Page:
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Hello, and thank you in advance for your help and insight.

I need some perspective on my practice. I started spey fishing for Atlantic salmon in 2020. I was lucky, I caught a salmon shortly after I started.
I learned the roll cast, the double spey, and the snap T. I felt I was missing quite a bit of practice and strings to my bow, so for this 2022 season, I practiced hard and learned to cast single spey, and snake roll. I haven't mastered the latter yet.

That's what I managed to do in 2 years. I even took a class to better myself.

But. I've had a dark cloud over my head since last summer. My first spey rod (Chromer) broke off while fishing for striped bass, during the cast. It was very windy that day and I thought the weather conditions were responsible for the accident (strong headwinds, strenuous anchoring, etc.).
I received a Claymore in exchange since the Chromer was discontinued.
This morning, after 3 hours of fishing, the new Claymore I received from warranty broke cleanly at the second strand, and the noise was so loud that my partner on the other side of the river heard it loud and clear. That new rod has fished two whole days and has caught only one salmon (an average one, tbh).

I am devastated. To break a rod once while casting, I can understand. Random bad luck. But I don't believe in coincidences.
I've had lessons, I know how to anchor, and my casts sometimes lack consistency. Sometimes I push too hard instead of relaxing and letting go of the pressure I feel to perform in front of others.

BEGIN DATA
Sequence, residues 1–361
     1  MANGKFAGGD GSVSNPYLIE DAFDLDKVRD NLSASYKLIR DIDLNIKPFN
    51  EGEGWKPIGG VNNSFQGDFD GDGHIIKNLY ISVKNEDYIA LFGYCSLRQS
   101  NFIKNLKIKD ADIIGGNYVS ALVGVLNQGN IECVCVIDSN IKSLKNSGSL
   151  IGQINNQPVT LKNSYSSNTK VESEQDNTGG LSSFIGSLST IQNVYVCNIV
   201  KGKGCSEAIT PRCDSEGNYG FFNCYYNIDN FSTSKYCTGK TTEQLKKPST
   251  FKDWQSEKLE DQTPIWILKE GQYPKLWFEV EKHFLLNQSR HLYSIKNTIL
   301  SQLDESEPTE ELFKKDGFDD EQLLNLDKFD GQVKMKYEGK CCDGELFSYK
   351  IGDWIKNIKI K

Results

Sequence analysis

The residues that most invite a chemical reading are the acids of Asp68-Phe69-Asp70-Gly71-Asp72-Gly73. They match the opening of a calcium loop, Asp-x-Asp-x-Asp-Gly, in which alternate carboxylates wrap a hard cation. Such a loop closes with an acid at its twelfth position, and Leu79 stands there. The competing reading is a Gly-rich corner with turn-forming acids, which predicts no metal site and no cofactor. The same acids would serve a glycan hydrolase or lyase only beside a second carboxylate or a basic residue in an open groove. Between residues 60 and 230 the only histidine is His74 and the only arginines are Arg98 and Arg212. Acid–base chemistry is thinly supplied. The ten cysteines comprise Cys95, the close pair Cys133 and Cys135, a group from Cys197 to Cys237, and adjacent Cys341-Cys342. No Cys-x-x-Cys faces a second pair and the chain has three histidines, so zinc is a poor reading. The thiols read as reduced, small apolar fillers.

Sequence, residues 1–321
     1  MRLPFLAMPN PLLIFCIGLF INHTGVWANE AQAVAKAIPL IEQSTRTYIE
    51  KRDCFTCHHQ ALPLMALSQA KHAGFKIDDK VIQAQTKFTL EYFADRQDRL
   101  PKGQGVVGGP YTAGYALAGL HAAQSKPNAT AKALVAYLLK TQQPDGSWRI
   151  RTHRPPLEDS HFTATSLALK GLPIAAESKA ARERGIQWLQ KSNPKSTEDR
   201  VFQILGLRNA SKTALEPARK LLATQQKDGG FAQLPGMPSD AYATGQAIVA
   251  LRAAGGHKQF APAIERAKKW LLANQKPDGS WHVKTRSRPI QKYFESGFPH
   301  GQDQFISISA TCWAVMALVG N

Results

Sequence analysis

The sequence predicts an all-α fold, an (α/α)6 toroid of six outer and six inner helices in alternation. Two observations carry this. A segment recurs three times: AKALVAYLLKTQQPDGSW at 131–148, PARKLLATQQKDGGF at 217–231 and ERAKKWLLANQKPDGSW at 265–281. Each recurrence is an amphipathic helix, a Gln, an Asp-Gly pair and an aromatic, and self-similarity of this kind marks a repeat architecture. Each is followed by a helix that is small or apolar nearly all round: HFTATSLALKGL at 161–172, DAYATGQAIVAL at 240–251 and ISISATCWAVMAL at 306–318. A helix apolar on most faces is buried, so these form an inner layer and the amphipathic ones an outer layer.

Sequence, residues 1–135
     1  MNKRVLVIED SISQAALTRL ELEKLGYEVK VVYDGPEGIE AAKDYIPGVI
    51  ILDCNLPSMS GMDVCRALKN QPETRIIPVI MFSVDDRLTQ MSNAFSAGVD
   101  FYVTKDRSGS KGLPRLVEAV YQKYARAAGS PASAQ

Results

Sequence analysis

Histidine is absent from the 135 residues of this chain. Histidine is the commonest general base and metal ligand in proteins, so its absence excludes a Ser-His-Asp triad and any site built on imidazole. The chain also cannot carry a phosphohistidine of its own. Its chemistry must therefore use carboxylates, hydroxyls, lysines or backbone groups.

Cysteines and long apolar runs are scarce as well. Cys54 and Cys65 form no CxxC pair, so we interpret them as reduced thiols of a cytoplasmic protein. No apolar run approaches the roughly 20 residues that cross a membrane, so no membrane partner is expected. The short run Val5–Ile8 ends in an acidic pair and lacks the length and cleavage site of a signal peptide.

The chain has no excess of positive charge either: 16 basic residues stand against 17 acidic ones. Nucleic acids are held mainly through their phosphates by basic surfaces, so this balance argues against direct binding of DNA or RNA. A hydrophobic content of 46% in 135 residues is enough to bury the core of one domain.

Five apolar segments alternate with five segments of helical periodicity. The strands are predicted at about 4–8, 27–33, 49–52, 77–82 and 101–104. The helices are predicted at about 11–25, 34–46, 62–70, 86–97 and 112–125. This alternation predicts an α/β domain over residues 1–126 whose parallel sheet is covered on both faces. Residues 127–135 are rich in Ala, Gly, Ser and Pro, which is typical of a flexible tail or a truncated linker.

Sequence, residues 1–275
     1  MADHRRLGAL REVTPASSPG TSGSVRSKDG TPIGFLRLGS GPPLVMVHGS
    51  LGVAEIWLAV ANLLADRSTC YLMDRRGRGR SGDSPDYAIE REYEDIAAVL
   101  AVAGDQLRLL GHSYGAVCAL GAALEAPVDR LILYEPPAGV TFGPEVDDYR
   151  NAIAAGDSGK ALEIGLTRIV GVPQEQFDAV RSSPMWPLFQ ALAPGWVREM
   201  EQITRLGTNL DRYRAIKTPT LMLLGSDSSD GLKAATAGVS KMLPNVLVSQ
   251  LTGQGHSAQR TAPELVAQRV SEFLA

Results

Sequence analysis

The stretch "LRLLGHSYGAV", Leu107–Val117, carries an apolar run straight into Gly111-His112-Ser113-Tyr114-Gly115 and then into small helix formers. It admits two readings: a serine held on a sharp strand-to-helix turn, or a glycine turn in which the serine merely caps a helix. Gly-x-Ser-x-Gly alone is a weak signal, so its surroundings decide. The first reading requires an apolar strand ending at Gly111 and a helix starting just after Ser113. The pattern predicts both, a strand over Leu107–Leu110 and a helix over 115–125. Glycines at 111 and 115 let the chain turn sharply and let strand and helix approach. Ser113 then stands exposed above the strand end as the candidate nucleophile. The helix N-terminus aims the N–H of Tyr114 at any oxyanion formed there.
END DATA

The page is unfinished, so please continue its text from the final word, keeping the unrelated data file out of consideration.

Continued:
Are my casts that bad? To the extent of breaking rods? Honestly, I can't help but wonder. I was already suspicious because I had already broken one. So I took great care of this one, I never put it on the ground, always on the supports, vertically. I don't have a rod mount so I systematically put them back in their tube for transport.

I know I'm on a specialist forum. I know there may be millions of reasons I'm experiencing all these bad lucks. I was just wondering if in your experience, a noob could break a rod while being too rough during the casts. Cause that's what I feel and it's quite humbling.

Thank you for your input. I'm ashamed to go to my fly shop and have them send it in for warranty again. I live in a small town and everything gets out so fast...
Look, if I didn't break a rod in the beginning with all the mess I made (including overloading it) ... it seems exaggerated that you blame yourself like that.
It will pass, after all it is a question of emotionally elaborating "the mourning". ;)
Rather, maybe just out of superstition, change brand! 😂
As for the small town ... I live in a small private street where everyone knows everything about everyone and, frankly, I don't give a damn about it. 🤣
Ciao,
Marco
 

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Hitting air is not just casting the rod without a line it’s where your actually casting a line and you hit air in that there is slack in the line then it comes under tension.
Seen it lots at speyclaves and there was a guy known for it at one clave in particular who was not a good caster but a really big boy who took great pleasure in smashing demo rods 🤷🏻‍♂️😜
Hi Bruce,
what is the explanation of the event? A motorcycle similarity came to mind: high side (loss-recovery of grip, compression-extension of the single shock absorber). In short, an excess of conflicting and uncontrollable forces. Is this a wrong hypothesis?
Thank you!
Marco
 
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